Editorial. A year ago, George Floyd died of suffocation under the knee of a white policeman in Minneapolis, Minnesota. The nine endless minutes of agony of this 46-year-old African-American filmed by a young passer-by moved the entire planet and provoked in the United States demonstrations of unprecedented magnitude against police violence and racism. While the police officer, Derek Chauvin, convicted of murder by justice, will be fixed on the length of his prison sentence on June 25, the practices of law enforcement in the United States remain at the heart of the debate.
The death of George Floyd certainly triggered a legislative process. In the weeks that followed, a bill bearing his name was passed by the Democratic majority in the House of Representatives. This involves in particular limiting the principle of “qualified immunity”, which allows the police to be exempted from their responsibility in certain “mistakes”, as well as prohibiting strangulation techniques during an arrest. But this reform remains blocked in the Senate by a Republican minority still reluctant to reduce the prerogatives of the police.
At the same time, a saving awareness has started within public opinion. The fact that part of the white population mobilized en masse is a decisive element for drive reforms and changing behavior in a country where an African American male is twice as likely to be killed by the police as his fellow white man.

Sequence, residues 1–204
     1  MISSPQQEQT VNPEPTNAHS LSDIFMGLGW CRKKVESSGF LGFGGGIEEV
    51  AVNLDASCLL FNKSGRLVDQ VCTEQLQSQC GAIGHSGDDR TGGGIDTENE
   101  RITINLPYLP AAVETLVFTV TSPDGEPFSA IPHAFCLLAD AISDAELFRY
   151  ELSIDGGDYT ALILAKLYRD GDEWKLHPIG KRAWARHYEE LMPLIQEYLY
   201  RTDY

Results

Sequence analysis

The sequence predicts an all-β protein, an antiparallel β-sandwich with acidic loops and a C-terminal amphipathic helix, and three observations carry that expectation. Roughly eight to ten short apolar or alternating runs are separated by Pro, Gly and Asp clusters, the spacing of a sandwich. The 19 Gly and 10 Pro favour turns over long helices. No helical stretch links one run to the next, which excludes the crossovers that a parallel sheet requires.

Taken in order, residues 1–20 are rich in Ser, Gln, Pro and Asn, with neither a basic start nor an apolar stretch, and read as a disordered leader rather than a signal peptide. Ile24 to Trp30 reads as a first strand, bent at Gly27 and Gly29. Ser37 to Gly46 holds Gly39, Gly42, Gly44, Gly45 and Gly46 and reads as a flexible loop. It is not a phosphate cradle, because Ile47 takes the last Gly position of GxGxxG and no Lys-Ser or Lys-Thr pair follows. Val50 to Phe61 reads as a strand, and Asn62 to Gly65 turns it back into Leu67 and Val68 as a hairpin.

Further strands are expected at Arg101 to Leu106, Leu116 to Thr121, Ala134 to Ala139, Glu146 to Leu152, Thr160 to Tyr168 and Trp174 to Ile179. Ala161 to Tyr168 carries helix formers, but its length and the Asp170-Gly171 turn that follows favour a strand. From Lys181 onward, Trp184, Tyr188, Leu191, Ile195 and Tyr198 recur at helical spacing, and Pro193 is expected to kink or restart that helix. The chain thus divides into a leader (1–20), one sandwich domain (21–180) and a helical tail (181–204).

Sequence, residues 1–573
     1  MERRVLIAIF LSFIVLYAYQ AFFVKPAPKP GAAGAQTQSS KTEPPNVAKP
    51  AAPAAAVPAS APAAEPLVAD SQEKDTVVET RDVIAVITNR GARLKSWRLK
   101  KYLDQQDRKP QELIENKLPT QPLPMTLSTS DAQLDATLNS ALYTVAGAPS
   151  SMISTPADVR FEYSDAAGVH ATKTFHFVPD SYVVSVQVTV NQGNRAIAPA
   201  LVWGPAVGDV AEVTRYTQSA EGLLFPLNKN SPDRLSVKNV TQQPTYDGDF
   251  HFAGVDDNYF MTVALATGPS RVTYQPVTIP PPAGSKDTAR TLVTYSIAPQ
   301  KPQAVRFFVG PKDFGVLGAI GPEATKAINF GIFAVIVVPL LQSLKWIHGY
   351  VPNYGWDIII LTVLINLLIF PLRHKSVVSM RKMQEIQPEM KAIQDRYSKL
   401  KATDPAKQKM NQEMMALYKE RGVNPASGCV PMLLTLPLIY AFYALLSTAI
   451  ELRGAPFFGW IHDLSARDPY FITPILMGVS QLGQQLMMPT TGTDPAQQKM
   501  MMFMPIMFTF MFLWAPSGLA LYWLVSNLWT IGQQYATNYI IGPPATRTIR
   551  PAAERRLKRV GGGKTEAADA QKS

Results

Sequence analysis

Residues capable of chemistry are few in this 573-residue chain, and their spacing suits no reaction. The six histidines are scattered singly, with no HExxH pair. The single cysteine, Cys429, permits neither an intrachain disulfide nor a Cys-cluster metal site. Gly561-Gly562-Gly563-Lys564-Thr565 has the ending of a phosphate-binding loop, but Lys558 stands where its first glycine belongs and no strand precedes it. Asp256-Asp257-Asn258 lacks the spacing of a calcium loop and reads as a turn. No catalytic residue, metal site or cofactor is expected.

Police brutality continues
On the ground, practices are starting to change. The proliferation of police pedestrian cameras makes it possible to break with a culture of secrecy that has long dominated. The impunity enjoyed by the perpetrators of “burrs” is no longer as systematic as it used to be. But police reform comes up against the complexity of a structure made up of more than 12,000 local services, overseen by thousands of federal and federal agencies. In fact, police brutality continues, and blacks continue to fall under police bullets.
Burrs are not always the result of a fierce fight against serious crime. The mode of intervention in drug abuse cases may be disproportionate to the seriousness of the offense. There is also the question of the efficiency of carrying out twenty million road checks each year. A routine in most Western countries, but which, in the United States, can degenerate at any time, especially when it concerns a black person.
A society marked by racial discrimination
Changing police practices does not only depend on a training effort, better supervision or more severe penalties against bad apples. The stake is also societal. The police often find themselves confronted with social distress that is beyond them. Almost a third of the thousand people killed each year by the police have psychological problems. Taking care of these patients upstream would undoubtedly avoid many tragedies.
Finally, the police operate in a society which itself remains marked by discrimination against blacks. The case of George Floyd, as emblematic as it is, will not be enough to change certain behaviors, anchored in mentalities for generations. No law will either restore the long-broken trust between the police and part of the population. American society must submit to a much broader examination of conscience.